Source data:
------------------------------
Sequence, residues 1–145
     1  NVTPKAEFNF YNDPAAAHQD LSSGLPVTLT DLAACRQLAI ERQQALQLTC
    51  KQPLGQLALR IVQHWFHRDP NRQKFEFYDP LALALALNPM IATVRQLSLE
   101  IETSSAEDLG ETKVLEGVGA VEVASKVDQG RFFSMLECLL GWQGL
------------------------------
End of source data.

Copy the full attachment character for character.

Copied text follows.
Sequence, residues 1–145
     1  NVTPKAEFNF YNDPAAAHQD LSSGLPVTLT DLAACRQLAI ERQQALQLTC
    51  KQPLGQLALR IVQHWFHRDP NRQKFEFYDP LALALALNPM IATVRQLSLE
   101  IETSSAEDLG ETKVLEGVGA VEVASKVDQG RFFSMLECLL GWQGL